NASHVILLE, Tenn. -- The Pirates haven't exactly wiped out in their quest for rotation help at baseball's Winter Meetings. General manager Neal Huntington, however, has found that wave a tad crowded.

In itself, nothing surprising about that: Starting pitching is any offseason's most valuable commodity. But the current demand for the available supply has gotten intense, perhaps enough so to knock the Bucs -- and other teams with limited funds -- out of the box.

According to very informal straw polls around the Gaylord Opryland Resort & Convention Center's lobbies and walkways, more than half of MLB's 30 teams are actively shopping for starters, with the Pirates one of a handful ideally looking for a couple.

Pittsburgh is unable -- and certainly disinclined -- to wage either checkbook or prospect war with the big-market likes of the Dodgers and the Rangers.

Thus, Huntington is likely facing a choice of two realities.

One, leave on Thursday without an entry in the list of Winter Meetings transactions, which, he realizes, would dismay fans eager for him to pull a big trigger.

"When we got here, we said we were never going to win the back pages of the offseason," said Huntington, referring to his hiring as Pirates GM a couple of months prior to the 2007 Winter Meetings. "A lot of clubs in markets like us are not going to make the big splash in the offseason or during the Winter Meetings.

"The goal is to put together the best club and play meaningful games in September and playoff games in October. It may not happen today: I don't think any single move is going to make it all happen. It's a process, and we have to stay true to the process."

Reality No. 2: Stay in the background until the bigger boys fill their carts, or lower your sights immediately to some of the arms with potential being overlooked by the elite teams.

Those options range from someone like left-hander Manny Parra, the non-tendered Milwaukee lefty about whom the Pirates have already inquired, to buy-low pitchers who could soar high.

That's a large group, including Roberto (The Pitcher Formerly Known as Fausto Carmona) Hernandez, Scott Kazmir and ... Ubaldo Jimenez?

Huntington respects the code of not mentioning any specific player, either a free agent or another team's property, speculatively. However, Jimenez could fit the profile of the type of dark horse that Bucs must hit on to compete with those bigger payrolls.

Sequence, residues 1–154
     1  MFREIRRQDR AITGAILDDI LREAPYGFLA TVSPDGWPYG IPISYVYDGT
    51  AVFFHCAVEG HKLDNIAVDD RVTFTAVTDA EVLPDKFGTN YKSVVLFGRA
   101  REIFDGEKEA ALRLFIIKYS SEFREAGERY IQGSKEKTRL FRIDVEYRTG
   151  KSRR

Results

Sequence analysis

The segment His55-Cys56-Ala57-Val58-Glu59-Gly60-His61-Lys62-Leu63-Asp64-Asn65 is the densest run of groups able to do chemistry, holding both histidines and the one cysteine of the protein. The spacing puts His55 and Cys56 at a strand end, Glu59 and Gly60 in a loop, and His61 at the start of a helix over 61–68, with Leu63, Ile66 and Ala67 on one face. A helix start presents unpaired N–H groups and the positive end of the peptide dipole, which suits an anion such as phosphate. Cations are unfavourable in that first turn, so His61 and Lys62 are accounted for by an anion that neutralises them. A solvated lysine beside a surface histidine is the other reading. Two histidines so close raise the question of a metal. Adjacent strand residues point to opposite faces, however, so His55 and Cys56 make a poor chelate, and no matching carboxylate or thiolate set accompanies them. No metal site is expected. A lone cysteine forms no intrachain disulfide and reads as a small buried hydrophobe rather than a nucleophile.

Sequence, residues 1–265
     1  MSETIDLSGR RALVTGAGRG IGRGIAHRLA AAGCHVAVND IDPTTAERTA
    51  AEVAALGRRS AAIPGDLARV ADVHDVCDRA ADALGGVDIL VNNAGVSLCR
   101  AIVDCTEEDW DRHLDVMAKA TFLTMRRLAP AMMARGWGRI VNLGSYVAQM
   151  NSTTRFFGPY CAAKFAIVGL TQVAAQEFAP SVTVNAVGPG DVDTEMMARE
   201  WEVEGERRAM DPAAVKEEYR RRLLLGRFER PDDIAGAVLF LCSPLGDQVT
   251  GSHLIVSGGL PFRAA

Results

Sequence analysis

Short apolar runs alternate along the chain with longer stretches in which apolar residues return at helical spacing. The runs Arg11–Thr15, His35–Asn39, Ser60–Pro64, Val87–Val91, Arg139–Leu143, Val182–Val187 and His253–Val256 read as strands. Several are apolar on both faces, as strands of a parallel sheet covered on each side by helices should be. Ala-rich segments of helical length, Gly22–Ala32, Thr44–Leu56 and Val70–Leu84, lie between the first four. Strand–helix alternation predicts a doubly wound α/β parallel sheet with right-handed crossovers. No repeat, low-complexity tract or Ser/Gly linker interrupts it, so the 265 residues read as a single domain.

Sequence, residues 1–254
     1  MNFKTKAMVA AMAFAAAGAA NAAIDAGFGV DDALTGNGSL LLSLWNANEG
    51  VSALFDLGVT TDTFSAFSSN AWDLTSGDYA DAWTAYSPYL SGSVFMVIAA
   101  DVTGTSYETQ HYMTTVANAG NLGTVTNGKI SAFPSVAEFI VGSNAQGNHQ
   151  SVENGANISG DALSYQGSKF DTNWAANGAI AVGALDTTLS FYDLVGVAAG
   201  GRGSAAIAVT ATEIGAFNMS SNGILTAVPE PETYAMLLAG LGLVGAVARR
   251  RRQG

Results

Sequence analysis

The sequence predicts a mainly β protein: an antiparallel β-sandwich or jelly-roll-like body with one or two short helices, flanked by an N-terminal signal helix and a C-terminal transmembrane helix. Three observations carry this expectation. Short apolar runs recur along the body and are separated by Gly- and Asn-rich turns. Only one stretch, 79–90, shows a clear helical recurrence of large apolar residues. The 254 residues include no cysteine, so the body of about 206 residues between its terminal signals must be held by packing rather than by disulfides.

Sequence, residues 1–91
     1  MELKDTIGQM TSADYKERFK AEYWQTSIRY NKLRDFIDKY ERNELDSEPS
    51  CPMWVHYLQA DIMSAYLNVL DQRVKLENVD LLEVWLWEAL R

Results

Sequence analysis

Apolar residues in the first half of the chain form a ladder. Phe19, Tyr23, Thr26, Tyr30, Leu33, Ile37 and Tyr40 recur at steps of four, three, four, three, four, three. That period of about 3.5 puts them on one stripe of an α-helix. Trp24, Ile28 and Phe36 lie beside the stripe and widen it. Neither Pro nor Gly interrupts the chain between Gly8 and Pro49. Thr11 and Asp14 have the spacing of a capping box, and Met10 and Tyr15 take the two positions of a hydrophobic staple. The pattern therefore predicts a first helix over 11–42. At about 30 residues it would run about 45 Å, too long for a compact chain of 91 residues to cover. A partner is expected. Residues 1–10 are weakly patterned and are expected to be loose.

Pittsburgh manager Clint Hurdle has already demonstrated an affinity for players he formerly managed and appreciated in Colorado. Just to drop a couple of names: Clint Barmes and Jason Grilli.

Jimenez led the American League with 17 losses last season for the Indians, who at the moment depend on him solely for rotation depth. If the Tribe picks up some reinforcements in the next couple of months, however, Jimenez is someone new Cleveland manager Terry Francona could easily part with.

A rare pitcher whose performance suffered after getting out of the Mile High City, Jimenez has gone 13-21 with a 5.38 ERA in his season and a half in Ohio.

But he turns only 29 in January, and Hurdle has vivid memories of the Jimenez who'd broken through on his 2009 Rockies staff as a 15-game winner with 198 strikeouts in 218 innings.

Huntington declined to even say anonymously, one way or the other, whether any of Hurdle's former Colorado charges had cropped up in his conversations with executives of other teams. A former member of the Indians' front office himself, Huntington has a very positive relationship and always a clear line of communication with Cleveland GM Chris Antonetti.

However, even something like that would develop later, and not break the Bucs' quiet here. That would be all right with Huntington, who has to be given major props for sticking to his guns -- so to speak -- and not pulling the trigger on a major trade that would involve sacrificing some of the organization's top prospects.

Under considerable pressure, which many interpret as job jeopardy, it would be easy for Huntington to forego the future for a better chance to win now, for personal job security.

However, he is keeping to the course he has laid out.

"We're always working through things and laying groundwork, whether with agents or with other clubs," said Huntington, suggesting there is no such thing as inactivity, only perhaps delayed activity, at the Winter Meetings. "We want to build an organization that can sustain winning, once we get there.

"It may not happen today. It may take some time. It may be a work in progress. But it is progress."